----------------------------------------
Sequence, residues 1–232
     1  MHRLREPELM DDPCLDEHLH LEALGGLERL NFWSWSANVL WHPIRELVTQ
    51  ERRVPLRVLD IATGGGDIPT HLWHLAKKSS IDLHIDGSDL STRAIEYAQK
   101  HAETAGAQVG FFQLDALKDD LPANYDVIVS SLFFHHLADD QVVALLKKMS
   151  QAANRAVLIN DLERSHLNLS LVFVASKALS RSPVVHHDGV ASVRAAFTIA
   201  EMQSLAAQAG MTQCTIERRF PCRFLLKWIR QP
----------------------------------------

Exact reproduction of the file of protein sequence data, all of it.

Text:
Sequence, residues 1–232
     1  MHRLREPELM DDPCLDEHLH LEALGGLERL NFWSWSANVL WHPIRELVTQ
    51  ERRVPLRVLD IATGGGDIPT HLWHLAKKSS IDLHIDGSDL STRAIEYAQK
   101  HAETAGAQVG FFQLDALKDD LPANYDVIVS SLFFHHLADD QVVALLKKMS
   151  QAANRAVLIN DLERSHLNLS LVFVASKALS RSPVVHHDGV ASVRAAFTIA
   201  EMQSLAAQAG MTQCTIERRF PCRFLLKWIR QP